This is what I felt about AUC leaving Tahrir: "The retreat from city centres to peripheral areas is also part of a wider change in Egyptians' relationsThis is what I felt about AUC leaving Tahrir: "The retreat from city centres to peripheral areas is also part of a wider change in Egyptians' relationship with their land. Egypt's urban constellations (mainly Cairo and Alexandria, but also Al-Mahala, Tanta, Al-Zakazeek and Asyut) and their surrounding areas are in constant flux with both population growth and internal migration (mainly from Al-Sayeed and the remote parts of the Delta--now around 800,000 annually). Egyptians were increasingly condensed in the centres as well as fragmented at the peripheries. Between the 1960s and the 2000s, Cairo grew from 6 million inhabitants to more than 15 million. The city's density, at more than 1,000 individuals per square kilometre, is among the highest in the world, and Alexandria is not far behind. The exuberance, energy and waves of creativity that characterized Cairo and Alexandria throughout the twentieth century were giving way to suffocating crowdedness, domineering compactness and stifling closeness. At the same time, the rich and the middle class were deserting the city centres and the old neighbourhoods for new suburbs, opting for gated communities on the outskirts, detached not only from the over-crowding and the increasingly ailing infrastructure, but also from the historic neighbourhoods and quarters that have witnessed and shaped Egyptians' interaction with their physical space throughout decades (and at times centuries). "Cairo's centre, Zamalek, Garden City and Maadi were increasingly shadows of their former selves. New boutiques, restaurants and shopping centres continue to open up, but the city's centre of gravity has moved to the Sixth of October, Palm Hills, City Views, Allegria, the Fifth Settlement, Al-Obour and Al-Shorouk--new rich, immaculate and spacious communities, but lacking Cairo's and Alexandria's long and rich touches (and scars) of history. "As a result, for the first time in Egypt's history many people live, work and socialize far from the city centre, leaving its landmarks--the centuries-old mosques and churches, the baroque buildings and palaces of Ismael Pasha, the Corniche's boulevards, the busy streets of Adly, Embaba and Shoubra--neglected. Egyptians' attachment to their physical heritage is diminishing" (200-1)....more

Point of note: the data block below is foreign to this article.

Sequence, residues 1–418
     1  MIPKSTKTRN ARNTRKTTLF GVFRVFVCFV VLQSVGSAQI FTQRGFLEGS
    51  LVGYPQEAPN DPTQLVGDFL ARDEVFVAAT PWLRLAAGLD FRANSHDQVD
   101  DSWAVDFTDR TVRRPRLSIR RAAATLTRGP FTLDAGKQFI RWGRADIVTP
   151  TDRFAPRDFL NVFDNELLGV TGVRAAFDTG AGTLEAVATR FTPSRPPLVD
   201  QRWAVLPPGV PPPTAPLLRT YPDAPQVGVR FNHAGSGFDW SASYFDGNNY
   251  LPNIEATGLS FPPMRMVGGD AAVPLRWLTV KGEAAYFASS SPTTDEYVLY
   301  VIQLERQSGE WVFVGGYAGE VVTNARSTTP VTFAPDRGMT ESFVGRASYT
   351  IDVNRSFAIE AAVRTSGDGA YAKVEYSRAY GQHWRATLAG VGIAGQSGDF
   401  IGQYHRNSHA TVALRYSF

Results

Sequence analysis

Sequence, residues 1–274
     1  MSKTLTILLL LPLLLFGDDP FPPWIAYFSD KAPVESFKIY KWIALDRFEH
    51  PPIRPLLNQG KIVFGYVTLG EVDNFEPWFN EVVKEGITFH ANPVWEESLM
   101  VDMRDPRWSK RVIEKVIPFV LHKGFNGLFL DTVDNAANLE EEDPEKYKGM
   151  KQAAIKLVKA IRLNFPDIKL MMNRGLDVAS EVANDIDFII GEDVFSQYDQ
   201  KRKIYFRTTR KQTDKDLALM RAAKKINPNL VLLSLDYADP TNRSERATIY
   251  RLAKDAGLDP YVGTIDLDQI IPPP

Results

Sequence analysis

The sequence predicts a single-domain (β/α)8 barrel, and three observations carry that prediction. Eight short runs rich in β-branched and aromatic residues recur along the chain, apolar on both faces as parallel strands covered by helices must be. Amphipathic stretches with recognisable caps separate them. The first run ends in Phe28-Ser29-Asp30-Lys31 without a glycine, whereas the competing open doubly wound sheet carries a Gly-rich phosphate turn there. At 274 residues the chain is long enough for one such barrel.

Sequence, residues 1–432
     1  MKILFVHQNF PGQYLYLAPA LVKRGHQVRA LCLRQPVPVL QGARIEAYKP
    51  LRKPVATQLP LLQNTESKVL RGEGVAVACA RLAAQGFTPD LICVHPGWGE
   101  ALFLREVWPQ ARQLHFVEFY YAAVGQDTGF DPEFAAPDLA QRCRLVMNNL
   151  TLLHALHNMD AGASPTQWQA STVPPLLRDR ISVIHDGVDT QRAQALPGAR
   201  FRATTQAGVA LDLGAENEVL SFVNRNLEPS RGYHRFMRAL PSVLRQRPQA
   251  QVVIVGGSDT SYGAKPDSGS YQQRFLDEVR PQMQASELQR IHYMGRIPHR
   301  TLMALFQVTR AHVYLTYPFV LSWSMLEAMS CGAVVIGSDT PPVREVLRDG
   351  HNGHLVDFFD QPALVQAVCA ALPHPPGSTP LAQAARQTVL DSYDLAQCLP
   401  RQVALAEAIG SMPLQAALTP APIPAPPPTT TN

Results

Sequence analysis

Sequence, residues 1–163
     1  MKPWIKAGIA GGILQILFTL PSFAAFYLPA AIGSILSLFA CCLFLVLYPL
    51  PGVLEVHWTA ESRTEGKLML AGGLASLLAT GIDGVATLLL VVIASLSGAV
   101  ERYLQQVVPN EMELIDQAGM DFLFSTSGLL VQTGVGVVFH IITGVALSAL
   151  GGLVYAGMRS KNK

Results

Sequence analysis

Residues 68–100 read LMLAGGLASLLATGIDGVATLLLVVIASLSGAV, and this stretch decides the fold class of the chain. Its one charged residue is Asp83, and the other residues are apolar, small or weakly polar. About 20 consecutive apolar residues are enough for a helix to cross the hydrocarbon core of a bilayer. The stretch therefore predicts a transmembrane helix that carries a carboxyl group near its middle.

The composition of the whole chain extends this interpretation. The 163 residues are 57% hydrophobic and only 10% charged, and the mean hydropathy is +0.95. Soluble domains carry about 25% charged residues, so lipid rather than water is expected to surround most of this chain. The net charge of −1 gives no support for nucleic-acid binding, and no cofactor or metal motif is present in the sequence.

I particularly liked the first three quarters of the book or so--after that, I felt less able (or willing) to relate to the self-centered interpretatiI particularly liked the first three quarters of the book or so--after that, I felt less able (or willing) to relate to the self-centered interpretations of her life and decisions. Some similarities to my own experiences--we were living in Cairo at the same time and are almost the same age--and some pretty radical differences. Similar frustrations, sometimes utterly different interpretations of those frustrations. I liked this perspective on a lunar calendar: "Festivals and fasts are unhinged, traveling backward at a rate of ten days per year, attached to no season. Even Laylat ul Qadr, the holiest night in Ramadan, drifts--its precise date is unknown. The iconclasm laid down by Muhammed was absolute: you must resist attachment not only to painted images, but to natural ones. Ramadan, Muharram, the Eids; you associate no religious event with the tang of snow in the air, or spring thaw, or the advent of summer. God permeates these things--as the saying goes, Allah is beautiful, and He loves beauty--but they are transient. Forced to concentrate on the eternal, you begin to see, or think you see, the bones and sinews of the world beneath its seasonal flesh. The sun and moon become formidable clockwork. They are transient also, but hint at the dark planes that stretch beyond the earth in every direction, full of stars and dust, toward a retreating, incomprehensible edge" (74)....more